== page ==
December 6, 2013

State Roundup, December 6, 2013

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CHAMBER WARNS ON MINIMUM WAGE: Kathleen Snyder, president and chief executive officer of the Maryland Chamber of Commerce, warned on Thursday that a rise in the state minimum wage could be devastating for small businesses in areas such as Washington County, and possibly lead to job losses and a contraction of business, Kaustuv Basu reports in the Hagerstown Herald Mail.

Montgomery County Executive Ike Leggett signed the county’s law raising the minimum wage to $11.50 by 2017, reports Ryan Marshall in the Gazette.

COMMON CORE CRITICS:  Baltimore County teachers at a town hall meeting Thursday night told Superintendent Dallas Dance they are desperately trying to keep up with the fast pace of state-mandated educational changes that have brought them more work and much frustration, reports Liz Bowie in the Sun. Teachers, some in tears and some angry, said the first year of the county’s introduction of its new curriculum tied to the Common Core had significant problems that have yet to be addressed.

DEL. HOUGH’S AGENDA: The editorial board for the Frederick News Post writes that Del. Michael Hough’s “Agenda to Fix Maryland” sounds grand — as well as a little “Contract With America”-ish — but the four pieces of legislation that form the agenda’s backbone are in large part solid and should generate an interesting discussion. But because the show in Annapolis is run by Democrats, the board is predicting that the General Assembly will ultimately reject Hough’s proposals.

CRONYISM: Mark Newgent of Red Maryland writes, in an opinion piece in the Sun, that cronyism and one-party rule in Maryland has led to projects getting through and lobbyists lining their pockets and targets KO Public Affairs, which is behind the Center Maryland website, to prove it.

POLITICAL NOTES: The Capital-Gazette is reporting that Del. Steve Schuh has announced a dozen bills he plans to propose, on everything from corporate income tax rates, stormwater fees and training officers to identify sex trafficking; Mitchelle Stephenson is joining the race for the House of Delegates from District 30B, and political events around Anne Arundel.

GANSLER ATTACKS BROWN: After spending the early months of his campaign on the defensive, gubernatorial candidate Doug Gansler has pounced on an issue on which he believes his leading rival is vulnerable: the botched rollout of the state’s online health-insurance exchange, reports John Wagner in the Post. On Thursday, the Gansler campaign issued its latest attack on Lt. Gov. Anthony Brown, accusing the fellow Democrat of dodging the news media and ducking responsibility for a task assigned to him by his boss, Gov. Martin O’Malley.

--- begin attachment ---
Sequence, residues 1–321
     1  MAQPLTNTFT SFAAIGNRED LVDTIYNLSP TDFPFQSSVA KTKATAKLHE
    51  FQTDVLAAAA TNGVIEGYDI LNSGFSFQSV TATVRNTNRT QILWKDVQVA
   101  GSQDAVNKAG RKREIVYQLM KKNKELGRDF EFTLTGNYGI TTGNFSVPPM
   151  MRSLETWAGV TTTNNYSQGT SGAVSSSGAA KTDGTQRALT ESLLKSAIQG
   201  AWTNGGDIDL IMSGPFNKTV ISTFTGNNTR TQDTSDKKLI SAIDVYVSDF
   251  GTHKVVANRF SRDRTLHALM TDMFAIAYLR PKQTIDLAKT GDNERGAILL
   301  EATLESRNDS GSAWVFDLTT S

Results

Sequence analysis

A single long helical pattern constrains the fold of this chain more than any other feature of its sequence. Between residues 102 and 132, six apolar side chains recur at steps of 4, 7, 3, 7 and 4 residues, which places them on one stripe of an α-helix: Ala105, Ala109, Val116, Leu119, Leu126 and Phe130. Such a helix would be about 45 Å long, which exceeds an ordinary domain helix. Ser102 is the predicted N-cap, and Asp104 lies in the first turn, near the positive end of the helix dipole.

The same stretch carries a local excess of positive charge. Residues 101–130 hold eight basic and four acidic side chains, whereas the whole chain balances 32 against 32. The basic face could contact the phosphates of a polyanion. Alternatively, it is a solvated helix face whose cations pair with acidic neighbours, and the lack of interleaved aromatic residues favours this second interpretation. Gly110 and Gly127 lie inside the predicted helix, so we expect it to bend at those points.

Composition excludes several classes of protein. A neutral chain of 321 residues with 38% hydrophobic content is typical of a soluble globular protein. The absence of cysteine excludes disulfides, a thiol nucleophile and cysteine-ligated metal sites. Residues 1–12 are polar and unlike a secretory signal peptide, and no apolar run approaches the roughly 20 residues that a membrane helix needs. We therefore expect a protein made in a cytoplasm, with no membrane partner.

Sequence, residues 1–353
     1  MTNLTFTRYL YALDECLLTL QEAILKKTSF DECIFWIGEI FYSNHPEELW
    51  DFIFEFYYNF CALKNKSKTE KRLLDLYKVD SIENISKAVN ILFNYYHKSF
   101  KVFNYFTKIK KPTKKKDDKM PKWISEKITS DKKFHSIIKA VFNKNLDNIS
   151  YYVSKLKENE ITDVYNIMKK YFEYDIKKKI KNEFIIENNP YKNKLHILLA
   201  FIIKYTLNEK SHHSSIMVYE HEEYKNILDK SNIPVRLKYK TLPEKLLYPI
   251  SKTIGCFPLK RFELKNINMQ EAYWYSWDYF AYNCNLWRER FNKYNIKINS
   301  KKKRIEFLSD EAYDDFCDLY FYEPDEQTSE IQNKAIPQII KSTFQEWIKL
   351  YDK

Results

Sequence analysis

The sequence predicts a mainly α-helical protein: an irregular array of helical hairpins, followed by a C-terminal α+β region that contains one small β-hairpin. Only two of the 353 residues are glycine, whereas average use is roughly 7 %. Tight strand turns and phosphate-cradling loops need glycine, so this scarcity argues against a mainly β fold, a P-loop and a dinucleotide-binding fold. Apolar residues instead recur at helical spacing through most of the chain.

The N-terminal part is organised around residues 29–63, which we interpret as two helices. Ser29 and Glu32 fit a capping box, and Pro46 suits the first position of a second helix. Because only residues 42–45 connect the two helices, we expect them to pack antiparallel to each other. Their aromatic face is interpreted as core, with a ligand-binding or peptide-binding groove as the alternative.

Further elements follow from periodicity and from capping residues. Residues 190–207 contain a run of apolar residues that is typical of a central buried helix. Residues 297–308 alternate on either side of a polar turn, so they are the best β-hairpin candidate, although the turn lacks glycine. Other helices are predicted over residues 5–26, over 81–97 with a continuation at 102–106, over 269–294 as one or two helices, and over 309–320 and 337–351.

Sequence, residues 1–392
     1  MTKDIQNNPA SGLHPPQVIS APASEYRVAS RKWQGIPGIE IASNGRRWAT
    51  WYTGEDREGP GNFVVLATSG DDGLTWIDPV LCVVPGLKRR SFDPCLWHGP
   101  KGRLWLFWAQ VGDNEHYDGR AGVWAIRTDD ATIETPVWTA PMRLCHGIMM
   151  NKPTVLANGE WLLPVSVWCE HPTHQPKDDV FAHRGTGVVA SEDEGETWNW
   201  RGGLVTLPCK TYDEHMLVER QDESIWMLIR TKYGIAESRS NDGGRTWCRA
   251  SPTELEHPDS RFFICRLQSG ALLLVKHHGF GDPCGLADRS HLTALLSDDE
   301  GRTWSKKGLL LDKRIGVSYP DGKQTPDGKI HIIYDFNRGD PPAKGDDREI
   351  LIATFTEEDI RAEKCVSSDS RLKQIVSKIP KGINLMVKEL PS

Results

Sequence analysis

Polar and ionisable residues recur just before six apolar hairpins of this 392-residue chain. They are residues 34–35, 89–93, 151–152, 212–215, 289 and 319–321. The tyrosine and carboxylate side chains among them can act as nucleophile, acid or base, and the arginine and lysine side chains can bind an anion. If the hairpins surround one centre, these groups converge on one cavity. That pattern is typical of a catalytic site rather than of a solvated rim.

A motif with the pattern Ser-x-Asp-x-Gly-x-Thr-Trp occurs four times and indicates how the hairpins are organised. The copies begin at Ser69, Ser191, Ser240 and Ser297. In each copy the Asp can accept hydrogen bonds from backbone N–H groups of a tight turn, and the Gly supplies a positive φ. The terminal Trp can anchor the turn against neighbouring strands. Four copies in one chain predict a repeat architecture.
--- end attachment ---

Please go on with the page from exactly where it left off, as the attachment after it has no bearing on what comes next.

BROWN TAKES SOME RESPONSIBILITY: Amid continued criticism, Lt. Gov. Anthony Brown took some responsibility Tuesday for the dismal performance of Maryland’s online health insurance exchange, report Scott Dance and Michael Dresser of the Sun. “Everyone that was involved in starting up the exchange is responsible and that includes me,” Brown said, pledging to make himself available to the news media for regular updates on progress implementing federal health reform in the state.

But on Wednesday, Brown rebuffed attempts by WBAL TV’s Jayne Miller to get an answer, writes, Bryan Sears for the Daily Record. “Right now is not the time to point fingers,” Brown told Miller. “Right now is the time to fix the problem.” He called Miller’s attempt to get an answer “a drive through interview.”

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MIZEUR ENDORSED: Del. Heather Mizeur has picked up an endorsement of her 2014 bid for governor from a police group representing 1,200 Montgomery County officers, writes John Wagner for the Post.